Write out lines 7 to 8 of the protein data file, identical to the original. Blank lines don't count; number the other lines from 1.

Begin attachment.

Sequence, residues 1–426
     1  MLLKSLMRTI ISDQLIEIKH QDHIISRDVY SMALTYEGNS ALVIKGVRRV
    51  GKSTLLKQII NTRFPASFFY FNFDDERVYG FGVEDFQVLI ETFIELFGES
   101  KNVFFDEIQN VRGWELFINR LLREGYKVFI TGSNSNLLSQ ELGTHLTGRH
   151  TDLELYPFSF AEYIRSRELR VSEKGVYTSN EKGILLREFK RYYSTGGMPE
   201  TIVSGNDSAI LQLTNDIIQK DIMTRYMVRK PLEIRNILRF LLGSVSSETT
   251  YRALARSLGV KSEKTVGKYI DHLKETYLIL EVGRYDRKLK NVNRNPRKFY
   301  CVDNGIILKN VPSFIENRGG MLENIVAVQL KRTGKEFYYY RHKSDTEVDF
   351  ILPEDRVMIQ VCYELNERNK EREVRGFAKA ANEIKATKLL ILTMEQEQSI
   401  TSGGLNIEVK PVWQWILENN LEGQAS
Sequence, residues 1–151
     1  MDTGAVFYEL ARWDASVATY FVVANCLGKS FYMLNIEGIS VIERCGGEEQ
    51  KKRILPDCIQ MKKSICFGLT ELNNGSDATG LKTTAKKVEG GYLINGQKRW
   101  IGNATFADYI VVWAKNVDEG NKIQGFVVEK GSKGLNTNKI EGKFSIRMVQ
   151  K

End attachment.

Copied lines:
   251  YRALARSLGV KSEKTVGKYI DHLKETYLIL EVGRYDRKLK NVNRNPRKFY
   301  CVDNGIILKN VPSFIENRGG MLENIVAVQL KRTGKEFYYY RHKSDTEVDF